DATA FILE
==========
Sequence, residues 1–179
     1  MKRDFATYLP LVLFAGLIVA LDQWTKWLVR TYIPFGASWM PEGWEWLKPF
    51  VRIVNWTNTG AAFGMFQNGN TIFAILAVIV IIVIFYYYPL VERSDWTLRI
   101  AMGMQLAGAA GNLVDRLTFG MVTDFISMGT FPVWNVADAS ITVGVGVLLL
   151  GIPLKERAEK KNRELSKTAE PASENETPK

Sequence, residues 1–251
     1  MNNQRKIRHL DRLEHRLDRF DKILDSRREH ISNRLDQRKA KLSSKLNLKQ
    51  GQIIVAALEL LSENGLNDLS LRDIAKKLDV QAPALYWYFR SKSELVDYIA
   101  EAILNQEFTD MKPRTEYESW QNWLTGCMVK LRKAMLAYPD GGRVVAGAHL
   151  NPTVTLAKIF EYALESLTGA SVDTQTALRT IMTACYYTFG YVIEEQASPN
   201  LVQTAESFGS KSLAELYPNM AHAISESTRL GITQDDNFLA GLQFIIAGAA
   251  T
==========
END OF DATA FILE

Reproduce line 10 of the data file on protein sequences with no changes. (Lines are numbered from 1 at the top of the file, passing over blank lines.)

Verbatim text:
   151  NPTVTLAKIF EYALESLTGA SVDTQTALRT IMTACYYTFG YVIEEQASPN